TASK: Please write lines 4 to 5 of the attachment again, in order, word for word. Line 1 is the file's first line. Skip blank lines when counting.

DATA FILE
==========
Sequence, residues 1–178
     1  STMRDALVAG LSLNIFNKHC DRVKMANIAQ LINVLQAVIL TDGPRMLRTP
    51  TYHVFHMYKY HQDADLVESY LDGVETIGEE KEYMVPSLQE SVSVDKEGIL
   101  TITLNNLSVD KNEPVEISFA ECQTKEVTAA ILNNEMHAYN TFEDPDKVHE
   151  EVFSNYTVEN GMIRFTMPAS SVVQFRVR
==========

   101  TITLNNLSVD KNEPVEISFA ECQTKEVTAA ILNNEMHAYN TFEDPDKVHE
   151  EVFSNYTVEN GMIRFTMPAS SVVQFRVR